– what space/leadership exists in the community to hold open discussions about those issues, in a safe place, guided by Kanienkehaka traditions from pre-reserve/pre-Indian Act times? what do traditional Elders counsel?

    – how does the expulsion or destruction of families impact the next generations – and are children with Kanienkehaka plus other ancestry included in those next generations? if they are, spiritually, how will removing them from their home community (or from a parent) affect their wellbeing and ability to live as good Kanienkehaka?

    – how much of this is about non-Native residents being ignorant of or disrespectful about Kanienkehaka culture and laws? could that be addressed by requiring them to get educated? be tested? sign a code of conduct that would kick them out, no questions asked, if they violated it? what about requiring non-Kanienkehaka or non-Native partners to give back to the community in meaningful ways? what about allowing married couples (those who have made a long-term commitment) to stay, but not more- casual partners?

    – how much of this is about the violation of Kahnawake sovereignty when a Canadian court orders a non-Kanienkehaka to reside on Kahnawake land? that seems like a Nation-to-Nation and treaty issue, with enormous implications. are there more effective ways to enforce sovereignty than kicking individuals out after Canada’s violation has already occurred?

    – how much of this is about preserving bloodlines/blood quanta? if this is important spiritually, within Kanienkehaka traditions (and I have no idea whether or not that’s the case), are there strategies that could be used that bring the community together rather than making Kanienkehaka (and other people) afraid in their homes? what about incentives for children with two Kanienkehaka or Kanienkehaka plus other Native parents? more social events to introduce people throughout reserve and urban Kanienkehaka populations? matchmakers? ways to promote what the community defines as Kanienkehaka families, rather than punishing more complex ones?

    – how much of this is about Native people wanting a space that’s not increasingly populated by people whose ancestors were the perpetrators of genocide (and who continue to benefit from the genocidal whitestream colonizer system of oppression whether or not they want to)? it’s not an unreasonable feeling to have. could it be addressed with a core community area where only Kanienkehaka may reside, with a surrounding buffer that welcomes blended Kanienkehaka families?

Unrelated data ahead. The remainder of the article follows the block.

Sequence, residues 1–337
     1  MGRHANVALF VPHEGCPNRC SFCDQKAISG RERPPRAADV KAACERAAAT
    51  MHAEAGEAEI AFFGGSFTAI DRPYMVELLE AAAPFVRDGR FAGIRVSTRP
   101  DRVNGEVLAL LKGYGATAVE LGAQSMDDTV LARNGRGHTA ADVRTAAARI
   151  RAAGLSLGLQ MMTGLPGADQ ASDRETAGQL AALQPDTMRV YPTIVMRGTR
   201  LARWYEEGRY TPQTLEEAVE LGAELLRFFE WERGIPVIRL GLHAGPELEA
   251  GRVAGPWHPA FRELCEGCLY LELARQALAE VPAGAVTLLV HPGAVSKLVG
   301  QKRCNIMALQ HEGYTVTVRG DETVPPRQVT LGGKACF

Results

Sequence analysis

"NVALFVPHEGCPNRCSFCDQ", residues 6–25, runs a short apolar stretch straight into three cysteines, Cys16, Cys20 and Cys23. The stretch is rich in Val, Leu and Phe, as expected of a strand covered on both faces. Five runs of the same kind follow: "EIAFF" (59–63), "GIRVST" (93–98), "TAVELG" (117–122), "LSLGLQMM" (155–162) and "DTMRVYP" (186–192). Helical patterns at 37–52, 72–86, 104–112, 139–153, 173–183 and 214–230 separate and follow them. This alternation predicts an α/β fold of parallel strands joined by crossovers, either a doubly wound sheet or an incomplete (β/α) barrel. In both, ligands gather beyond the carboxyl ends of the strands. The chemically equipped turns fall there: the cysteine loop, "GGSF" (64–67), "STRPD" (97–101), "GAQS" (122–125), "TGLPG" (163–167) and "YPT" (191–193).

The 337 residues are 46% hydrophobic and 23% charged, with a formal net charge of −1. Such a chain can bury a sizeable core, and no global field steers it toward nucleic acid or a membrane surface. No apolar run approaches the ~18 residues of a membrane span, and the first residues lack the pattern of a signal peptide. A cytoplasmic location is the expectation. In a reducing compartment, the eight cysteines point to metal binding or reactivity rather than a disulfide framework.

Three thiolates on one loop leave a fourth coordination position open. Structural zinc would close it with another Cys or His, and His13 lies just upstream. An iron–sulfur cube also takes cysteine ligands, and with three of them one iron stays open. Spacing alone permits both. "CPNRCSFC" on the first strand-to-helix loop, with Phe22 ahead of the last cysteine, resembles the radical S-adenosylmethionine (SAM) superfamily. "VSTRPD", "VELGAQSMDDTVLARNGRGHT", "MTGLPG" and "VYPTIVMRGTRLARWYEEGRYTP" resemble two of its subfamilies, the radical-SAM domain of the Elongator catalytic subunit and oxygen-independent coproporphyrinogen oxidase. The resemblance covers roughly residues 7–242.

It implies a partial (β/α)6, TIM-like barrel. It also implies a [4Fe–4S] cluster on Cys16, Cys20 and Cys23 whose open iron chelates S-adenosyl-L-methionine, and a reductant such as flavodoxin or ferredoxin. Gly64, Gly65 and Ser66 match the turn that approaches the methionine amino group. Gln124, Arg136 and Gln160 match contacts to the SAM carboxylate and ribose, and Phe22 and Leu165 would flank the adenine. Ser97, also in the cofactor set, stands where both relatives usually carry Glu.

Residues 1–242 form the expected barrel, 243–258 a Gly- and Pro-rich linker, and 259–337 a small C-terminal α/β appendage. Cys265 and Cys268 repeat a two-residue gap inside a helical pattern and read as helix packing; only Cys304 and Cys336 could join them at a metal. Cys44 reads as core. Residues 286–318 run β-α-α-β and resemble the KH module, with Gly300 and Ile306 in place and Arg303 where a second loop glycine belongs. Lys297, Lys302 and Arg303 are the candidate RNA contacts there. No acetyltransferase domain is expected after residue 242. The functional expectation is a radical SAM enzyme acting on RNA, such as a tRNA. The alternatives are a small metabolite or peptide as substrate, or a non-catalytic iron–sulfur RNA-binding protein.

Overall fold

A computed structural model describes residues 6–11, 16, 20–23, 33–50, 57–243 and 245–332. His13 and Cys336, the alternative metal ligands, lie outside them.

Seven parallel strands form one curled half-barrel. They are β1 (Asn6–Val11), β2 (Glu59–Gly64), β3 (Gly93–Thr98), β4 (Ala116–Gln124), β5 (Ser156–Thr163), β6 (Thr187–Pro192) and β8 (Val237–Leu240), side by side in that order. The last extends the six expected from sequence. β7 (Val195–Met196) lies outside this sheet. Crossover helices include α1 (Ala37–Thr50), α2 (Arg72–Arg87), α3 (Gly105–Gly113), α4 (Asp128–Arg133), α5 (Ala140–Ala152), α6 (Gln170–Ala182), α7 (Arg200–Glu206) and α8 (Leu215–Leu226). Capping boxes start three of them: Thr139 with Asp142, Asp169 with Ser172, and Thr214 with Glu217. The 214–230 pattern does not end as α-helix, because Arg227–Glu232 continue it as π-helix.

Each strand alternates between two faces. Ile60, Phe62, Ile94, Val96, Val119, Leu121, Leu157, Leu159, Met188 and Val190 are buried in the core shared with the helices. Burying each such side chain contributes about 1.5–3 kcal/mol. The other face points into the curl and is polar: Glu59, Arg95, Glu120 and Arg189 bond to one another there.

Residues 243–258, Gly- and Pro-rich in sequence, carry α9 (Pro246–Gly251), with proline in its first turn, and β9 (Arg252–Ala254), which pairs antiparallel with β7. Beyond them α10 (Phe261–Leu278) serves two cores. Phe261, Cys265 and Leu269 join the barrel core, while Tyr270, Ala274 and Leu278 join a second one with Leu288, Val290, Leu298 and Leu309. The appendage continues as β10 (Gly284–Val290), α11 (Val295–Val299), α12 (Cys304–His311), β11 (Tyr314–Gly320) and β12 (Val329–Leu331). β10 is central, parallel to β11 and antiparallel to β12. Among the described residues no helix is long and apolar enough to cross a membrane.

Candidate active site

– how much of this is about the risk of non-Kanienkehaka claiming a right of residence or property ownership even if they’re no longer part of a Kanienkehaka family? could that be addressed in pretty straightforward legal agreements? if Kahnawake already has laws to exclude people based on their blood ties to the Nation, can they also take the less radical step of legally and enforceably restricting inheritance/occupancy/ownership?

    – how much of this is about wanting to decide what kinds of people (i.e., those with criminal records) are allowed in the community? certainly most nations in the world get to decide who can immigrate. has Kahnawake decided which crimes – or what future criminal actions – warrant exclusion? do or should any of those apply to Kanienkehaka people as well?

    – is a grandfathering policy for current residents, combined with restricted future immigration based on any or all of the above, a more positive and effective strategy than dismantling or driving out families who are already part of the community? given that the expulsion laws have existed for some time, who in the community is empowered to choose when they will be enforced, and who they will be enforced against?

    – and finally, regardless of the solutions chosen, are there traditional Kanienkehaka ways to achieve them that don’t involve frightening people or harming families or the next generation? the anger is understandable, the issues are enormous, the roots of the problem go so deep. which tools and solutions are Kanienkehaka, which come from the legacy of having being colonized, and how can the community come together to choose the best ones?

    I know some of the thoughts above might seem morally repugnant. as a woman whose grandmothers come from more than one continent, they’re not necessarily what my own heart would want. but the questions seem like they’re worth asking, in case any of them help illuminate a better path forward.

    Like

Comments are closed.